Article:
Recent Federal Cases Provide Some Guidance for Title IX Compliance in Massachusetts
This academic year, a trio of decisions by federal courts in Massachusetts have provided guidance to administrators laboring to comply with Title IX and its sexual harassment regulations. As we head into the summer and schools consider revising their policies or practices to address discrimination and harassment, it is important to understand how the courts have limited the ways that institutions can operate when it comes to Title IX.
In Doe v. Stonehill College, which issued in December 2022, the First Circuit ruled in a Title IX matter, that the respondent’s allegation that Stonehill failed to follow its own procedures related to reviewing evidence and notifying him of witness interviews, as well as Stonehill’s failure to conduct a complete, thorough and impartial investigation, gave rise to a plausible claim for breach of contract. The court agreed with the respondent that investigators failed adequately to probe the complainant’s account, or to assess the plausibility of respondent’s account. The court took issue with what it characterized as the investigators’ failure to “weigh competing evidence” or to explain sufficiently their rationale for credibility determinations and findings. The court also noted that administrators who were tasked with conducting an “independent review” of the investigators’ findings provided only brief, conclusory communications related to that review, and permitted the inference that the administrators did not make an independent judgment, but instead blindly adopted the investigators’ findings.
In addition, on breach of contract claims based on Stonehill’s policies, the court also allowed a breach of contract claim to proceed based on Massachusetts law that school disciplinary proceedings – even for private institutions – must be conducted with basic fairness, and noted that the contours of “basic fairness” have not been clearly defined by precedent. The court wrote, “Whatever else the requirement of ‘basic fairness’ means, we cannot reconcile plausible allegations of prejudicial investigative flaws with Stonehill’s commitment to provide a ‘fair’ process.”
In Doe v. Brandeis University, a district of Massachusetts decision that issued in February 2023, the court denied summary judgment on a breach of contract claim based on Brandeis’ sexual misconduct policy. The court allowed the student’s claim to proceed based on the theory that Brandeis’ Title IX Coordinator violated its policy by guiding and communicating with the investigator throughout the investigation, editing both the investigative report and the decision of a disciplinary panel before they were sent to the parties, and by communicating with administrators tasked with determining sanctions. The court held that because the policy did not explicitly state that the Title IX Coordinator would involve herself in the procedures in this matter, there was a triable issue of fact as to whether she was permitted to do so. The court also noted that the policy did not preclude the Title IX Coordinator from engaging in the type of oversight of the Title IX process that occurred in this matter, and that it was possible that such activities were within the scope of a Title IX Coordinator’s duties. Citing the Stonehill case, the court in Brandeis also allowed the case to proceed under the theory of a breach of basic fairness.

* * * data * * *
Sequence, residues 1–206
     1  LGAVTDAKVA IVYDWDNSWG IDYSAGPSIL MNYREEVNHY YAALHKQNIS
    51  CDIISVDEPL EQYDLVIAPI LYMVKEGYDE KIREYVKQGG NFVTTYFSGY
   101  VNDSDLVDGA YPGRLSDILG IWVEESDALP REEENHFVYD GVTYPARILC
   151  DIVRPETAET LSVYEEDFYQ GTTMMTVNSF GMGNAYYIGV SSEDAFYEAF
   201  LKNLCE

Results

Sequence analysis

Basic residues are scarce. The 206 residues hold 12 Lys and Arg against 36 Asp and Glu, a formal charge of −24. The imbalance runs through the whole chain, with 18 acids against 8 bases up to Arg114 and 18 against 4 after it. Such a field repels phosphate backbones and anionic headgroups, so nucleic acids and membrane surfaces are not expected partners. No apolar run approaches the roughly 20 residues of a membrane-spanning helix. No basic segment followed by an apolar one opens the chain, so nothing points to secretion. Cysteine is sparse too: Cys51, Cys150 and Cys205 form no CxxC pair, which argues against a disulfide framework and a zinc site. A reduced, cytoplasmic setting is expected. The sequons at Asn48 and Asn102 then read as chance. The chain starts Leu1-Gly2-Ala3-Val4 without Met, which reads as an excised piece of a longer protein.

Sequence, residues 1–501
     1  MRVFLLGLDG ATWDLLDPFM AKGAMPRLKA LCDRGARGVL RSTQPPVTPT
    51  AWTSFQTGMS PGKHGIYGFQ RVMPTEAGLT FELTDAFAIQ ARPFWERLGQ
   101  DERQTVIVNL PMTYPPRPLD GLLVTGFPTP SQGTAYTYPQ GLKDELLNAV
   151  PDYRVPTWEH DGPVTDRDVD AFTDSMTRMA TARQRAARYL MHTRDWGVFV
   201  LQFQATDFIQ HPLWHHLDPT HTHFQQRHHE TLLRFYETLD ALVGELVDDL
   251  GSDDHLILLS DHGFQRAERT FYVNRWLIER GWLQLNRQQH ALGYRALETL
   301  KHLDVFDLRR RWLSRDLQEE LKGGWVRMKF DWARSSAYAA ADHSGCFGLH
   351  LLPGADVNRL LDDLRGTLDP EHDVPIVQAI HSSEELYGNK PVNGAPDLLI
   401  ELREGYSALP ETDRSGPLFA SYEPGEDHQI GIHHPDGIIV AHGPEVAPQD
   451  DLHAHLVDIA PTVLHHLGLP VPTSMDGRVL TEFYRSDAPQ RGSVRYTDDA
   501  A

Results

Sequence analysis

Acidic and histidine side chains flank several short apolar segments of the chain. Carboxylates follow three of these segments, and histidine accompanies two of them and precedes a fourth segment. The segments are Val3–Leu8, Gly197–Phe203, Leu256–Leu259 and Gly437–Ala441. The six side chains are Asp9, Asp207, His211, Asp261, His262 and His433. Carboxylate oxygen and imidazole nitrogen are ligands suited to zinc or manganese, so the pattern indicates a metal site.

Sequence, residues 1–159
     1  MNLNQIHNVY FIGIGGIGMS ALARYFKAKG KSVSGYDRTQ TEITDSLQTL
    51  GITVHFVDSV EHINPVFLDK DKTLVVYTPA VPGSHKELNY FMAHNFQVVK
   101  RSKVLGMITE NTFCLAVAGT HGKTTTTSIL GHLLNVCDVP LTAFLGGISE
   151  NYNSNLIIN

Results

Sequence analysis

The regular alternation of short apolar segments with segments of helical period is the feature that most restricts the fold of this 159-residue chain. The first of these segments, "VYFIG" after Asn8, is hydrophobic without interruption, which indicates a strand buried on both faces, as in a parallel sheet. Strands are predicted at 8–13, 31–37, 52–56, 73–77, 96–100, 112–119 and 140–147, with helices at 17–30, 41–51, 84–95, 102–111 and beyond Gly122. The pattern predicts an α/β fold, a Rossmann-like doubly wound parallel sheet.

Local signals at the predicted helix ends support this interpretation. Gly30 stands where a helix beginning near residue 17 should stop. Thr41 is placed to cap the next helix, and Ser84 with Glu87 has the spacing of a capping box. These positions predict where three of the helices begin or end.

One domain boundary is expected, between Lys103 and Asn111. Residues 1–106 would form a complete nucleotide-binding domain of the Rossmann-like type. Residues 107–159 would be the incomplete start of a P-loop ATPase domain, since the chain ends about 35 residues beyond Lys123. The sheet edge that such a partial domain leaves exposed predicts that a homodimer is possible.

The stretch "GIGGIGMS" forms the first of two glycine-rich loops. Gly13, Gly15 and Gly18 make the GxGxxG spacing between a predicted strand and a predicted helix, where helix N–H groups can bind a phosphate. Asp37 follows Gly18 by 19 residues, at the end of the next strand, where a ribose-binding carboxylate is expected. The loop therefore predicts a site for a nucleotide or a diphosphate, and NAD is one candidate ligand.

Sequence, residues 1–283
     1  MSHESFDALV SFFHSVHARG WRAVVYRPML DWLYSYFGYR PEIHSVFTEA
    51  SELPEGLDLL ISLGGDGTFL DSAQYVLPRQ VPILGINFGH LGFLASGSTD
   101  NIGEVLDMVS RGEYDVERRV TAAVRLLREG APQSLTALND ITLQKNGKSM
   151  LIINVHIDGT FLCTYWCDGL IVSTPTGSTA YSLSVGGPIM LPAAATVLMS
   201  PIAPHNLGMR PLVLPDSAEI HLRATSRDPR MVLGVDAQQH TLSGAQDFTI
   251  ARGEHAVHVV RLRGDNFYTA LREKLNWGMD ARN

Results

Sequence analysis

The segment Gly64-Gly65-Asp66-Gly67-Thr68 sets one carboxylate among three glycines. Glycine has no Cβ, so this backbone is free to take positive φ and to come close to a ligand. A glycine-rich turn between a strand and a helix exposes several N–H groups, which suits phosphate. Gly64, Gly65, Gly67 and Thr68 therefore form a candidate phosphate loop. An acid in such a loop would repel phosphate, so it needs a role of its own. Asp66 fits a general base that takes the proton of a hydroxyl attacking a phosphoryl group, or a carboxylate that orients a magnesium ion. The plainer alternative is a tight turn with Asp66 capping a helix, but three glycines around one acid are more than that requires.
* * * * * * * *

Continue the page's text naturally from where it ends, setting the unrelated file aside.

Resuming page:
In Doe v. Town of North Andover, a district of Massachusetts judge ruled that damages for emotional distress are not available for Title IX claims. This follows the U.S. Supreme Court’s decision in Cummings v. Premier Rehab Keller, P.L.L.C., which held that emotional distress damages are not available under the Rehabilitation Act or Affordable Care Act, both of which, like Title IX, are statutes enacted pursuant to the Constitution’s Spending Clause. Because emotional distress damages generally are not available for breach of contract claims either, this means that most Title IX plaintiffs will not be able to recover such damages, although they can recover other monetary damages.
Taken together, these decisions present a challenge for Title IX administrators. On the one hand, the Stonehill decision makes clear that courts in the First Circuit will not hesitate to scrutinize a school’s investigation and disciplinary process and will expect schools to “show their work” by documenting credibility analyses and detailed findings. At the same time, the Court in Brandeis cautions against a Title IX Coordinator involving themselves in the investigations and disciplinary proceedings that the regulations task them with overseeing – and may appear to limit the ability of a Title IX Coordinator to supervise an internal investigator, which can be problematic given the reporting structure of many Title IX offices. The small silver lining from the North Andover case is that when schools are liable for failing to meet these complex and competing requirements, the damages that a party can collect are limited.
Bowditch attorneys can assist you in reviewing your policies to make sure that they conform to your practices and allow the Title IX Coordinator to engage in full oversight of the Title IX process.